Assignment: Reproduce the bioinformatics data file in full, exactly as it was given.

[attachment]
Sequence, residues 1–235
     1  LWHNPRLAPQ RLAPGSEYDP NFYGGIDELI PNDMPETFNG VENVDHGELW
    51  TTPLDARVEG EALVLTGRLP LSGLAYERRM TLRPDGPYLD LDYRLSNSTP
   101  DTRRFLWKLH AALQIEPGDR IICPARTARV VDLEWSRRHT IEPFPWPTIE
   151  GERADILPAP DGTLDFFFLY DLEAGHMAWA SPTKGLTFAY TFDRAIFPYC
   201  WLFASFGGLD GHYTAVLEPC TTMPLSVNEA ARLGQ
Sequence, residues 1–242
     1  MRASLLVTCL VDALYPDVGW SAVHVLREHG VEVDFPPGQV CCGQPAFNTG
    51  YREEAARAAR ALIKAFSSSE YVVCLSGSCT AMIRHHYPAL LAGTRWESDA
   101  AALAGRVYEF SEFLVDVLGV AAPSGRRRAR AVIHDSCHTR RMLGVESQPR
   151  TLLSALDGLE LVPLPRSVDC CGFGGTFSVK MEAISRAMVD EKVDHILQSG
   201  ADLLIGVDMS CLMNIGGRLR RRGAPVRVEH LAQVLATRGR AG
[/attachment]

Sequence, residues 1–235
     1  LWHNPRLAPQ RLAPGSEYDP NFYGGIDELI PNDMPETFNG VENVDHGELW
    51  TTPLDARVEG EALVLTGRLP LSGLAYERRM TLRPDGPYLD LDYRLSNSTP
   101  DTRRFLWKLH AALQIEPGDR IICPARTARV VDLEWSRRHT IEPFPWPTIE
   151  GERADILPAP DGTLDFFFLY DLEAGHMAWA SPTKGLTFAY TFDRAIFPYC
   201  WLFASFGGLD GHYTAVLEPC TTMPLSVNEA ARLGQ
Sequence, residues 1–242
     1  MRASLLVTCL VDALYPDVGW SAVHVLREHG VEVDFPPGQV CCGQPAFNTG
    51  YREEAARAAR ALIKAFSSSE YVVCLSGSCT AMIRHHYPAL LAGTRWESDA
   101  AALAGRVYEF SEFLVDVLGV AAPSGRRRAR AVIHDSCHTR RMLGVESQPR
   151  TLLSALDGLE LVPLPRSVDC CGFGGTFSVK MEAISRAMVD EKVDHILQSG
   201  ADLLIGVDMS CLMNIGGRLR RRGAPVRVEH LAQVLATRGR AG